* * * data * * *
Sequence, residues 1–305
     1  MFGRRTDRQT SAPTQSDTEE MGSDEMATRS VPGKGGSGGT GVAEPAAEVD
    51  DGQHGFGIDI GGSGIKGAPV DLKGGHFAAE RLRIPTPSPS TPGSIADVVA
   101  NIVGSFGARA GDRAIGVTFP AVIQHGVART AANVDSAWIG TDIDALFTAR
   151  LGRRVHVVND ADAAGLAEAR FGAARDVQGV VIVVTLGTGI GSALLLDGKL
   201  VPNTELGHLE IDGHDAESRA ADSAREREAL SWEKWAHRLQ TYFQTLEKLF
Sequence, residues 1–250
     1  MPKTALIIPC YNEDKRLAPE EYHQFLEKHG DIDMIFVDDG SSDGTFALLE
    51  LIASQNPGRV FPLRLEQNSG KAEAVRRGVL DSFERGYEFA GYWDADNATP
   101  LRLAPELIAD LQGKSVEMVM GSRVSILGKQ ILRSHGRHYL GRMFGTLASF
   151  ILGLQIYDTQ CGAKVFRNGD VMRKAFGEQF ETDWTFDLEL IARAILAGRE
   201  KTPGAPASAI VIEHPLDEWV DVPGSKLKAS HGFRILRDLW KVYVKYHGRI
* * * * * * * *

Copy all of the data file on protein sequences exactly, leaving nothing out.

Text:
Sequence, residues 1–305
     1  MFGRRTDRQT SAPTQSDTEE MGSDEMATRS VPGKGGSGGT GVAEPAAEVD
    51  DGQHGFGIDI GGSGIKGAPV DLKGGHFAAE RLRIPTPSPS TPGSIADVVA
   101  NIVGSFGARA GDRAIGVTFP AVIQHGVART AANVDSAWIG TDIDALFTAR
   151  LGRRVHVVND ADAAGLAEAR FGAARDVQGV VIVVTLGTGI GSALLLDGKL
   201  VPNTELGHLE IDGHDAESRA ADSAREREAL SWEKWAHRLQ TYFQTLEKLF
Sequence, residues 1–250
     1  MPKTALIIPC YNEDKRLAPE EYHQFLEKHG DIDMIFVDDG SSDGTFALLE
    51  LIASQNPGRV FPLRLEQNSG KAEAVRRGVL DSFERGYEFA GYWDADNATP
   101  LRLAPELIAD LQGKSVEMVM GSRVSILGKQ ILRSHGRHYL GRMFGTLASF
   151  ILGLQIYDTQ CGAKVFRNGD VMRKAFGEQF ETDWTFDLEL IARAILAGRE
   201  KTPGAPASAI VIEHPLDEWV DVPGSKLKAS HGFRILRDLW KVYVKYHGRI